According to Wikipedia’s entry on the First Vision, during polygamy, polygamy was the main pillar of the LDS faith. And then after polygamy’s fall, the truthity of Smith’s vision was made more fundamental by Joseph F. Smith — second in importance only to belief in the divinity of Jesus.

    I think with the Family Proclamation, Church leaders were attempting to better establish “eternal gender” as a Mormon pillar, but 15+ years later, that has largely had mixed success.

    I certainly think there’s room for the sole belief in “divinity of Jesus” to qualify one as a “Mormon.” However, in terms of GAs, in 1998 Hinckley said that “Our entire case as members of The Church of Jesus Christ of Latter-day Saints rests on the validity of this glorious First Vision,” which unfortunately made it harder to be a “good Mormon” while simultaneously call Smith a “fraud.” =D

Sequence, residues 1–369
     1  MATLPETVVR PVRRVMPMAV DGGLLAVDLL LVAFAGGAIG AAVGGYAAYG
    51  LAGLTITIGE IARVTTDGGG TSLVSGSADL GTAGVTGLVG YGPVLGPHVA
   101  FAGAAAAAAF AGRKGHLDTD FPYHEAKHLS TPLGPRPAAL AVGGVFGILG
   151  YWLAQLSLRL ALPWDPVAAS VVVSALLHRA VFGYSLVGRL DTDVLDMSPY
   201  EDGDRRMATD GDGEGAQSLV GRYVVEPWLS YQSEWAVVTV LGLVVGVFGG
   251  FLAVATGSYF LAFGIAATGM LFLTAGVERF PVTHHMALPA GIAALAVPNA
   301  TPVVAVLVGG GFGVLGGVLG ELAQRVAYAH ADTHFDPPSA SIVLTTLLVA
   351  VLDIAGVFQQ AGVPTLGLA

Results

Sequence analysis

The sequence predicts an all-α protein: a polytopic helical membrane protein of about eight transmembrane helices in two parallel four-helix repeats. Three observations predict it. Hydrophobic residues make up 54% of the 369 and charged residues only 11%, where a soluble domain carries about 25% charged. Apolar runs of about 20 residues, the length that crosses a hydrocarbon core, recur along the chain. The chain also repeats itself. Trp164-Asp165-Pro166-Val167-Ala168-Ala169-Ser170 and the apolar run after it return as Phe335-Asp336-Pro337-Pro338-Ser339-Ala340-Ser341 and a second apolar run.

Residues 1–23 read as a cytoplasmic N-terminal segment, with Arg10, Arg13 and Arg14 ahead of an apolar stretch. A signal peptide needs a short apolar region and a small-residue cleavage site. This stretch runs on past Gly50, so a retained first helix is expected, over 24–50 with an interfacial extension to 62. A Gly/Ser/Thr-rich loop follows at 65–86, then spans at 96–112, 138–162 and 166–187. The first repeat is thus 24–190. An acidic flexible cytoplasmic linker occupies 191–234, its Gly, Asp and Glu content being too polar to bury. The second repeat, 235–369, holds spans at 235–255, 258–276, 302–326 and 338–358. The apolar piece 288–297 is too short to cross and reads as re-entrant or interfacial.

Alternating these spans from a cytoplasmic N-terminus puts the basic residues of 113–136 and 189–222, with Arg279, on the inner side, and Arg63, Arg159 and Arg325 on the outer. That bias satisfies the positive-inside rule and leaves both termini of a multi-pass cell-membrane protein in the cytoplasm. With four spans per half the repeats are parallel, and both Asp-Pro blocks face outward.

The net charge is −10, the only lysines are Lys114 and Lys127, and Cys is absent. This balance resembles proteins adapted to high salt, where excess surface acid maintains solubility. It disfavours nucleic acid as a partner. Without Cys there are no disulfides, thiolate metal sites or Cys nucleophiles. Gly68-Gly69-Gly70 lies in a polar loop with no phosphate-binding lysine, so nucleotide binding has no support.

6. According to Wikipedia’s entry on the First Vision, during polygamy, polygamy was the main pillar of the LDS faith.

    this is very well documented and thoroughly discussed in The Politics of American Religious Identity: the Seating of Senator Reed Smoot, Mormon Apostle by Kathleen Flake.

  7. It would be quite interesting, and kind of fun, to see the church give up all it’s control, all it’s correlation for the more ‘Jewish model’ of defining things for yourself and choosing a synagogue (ward) that suits your beliefs.

    It would be interesting to see the church wards take on the flavor of the demographics surrounding it and not expecting to agree with one another. It’s never going to happen; however, it is fun to imagine.

    ‘I know the 4th ward is the true ward.’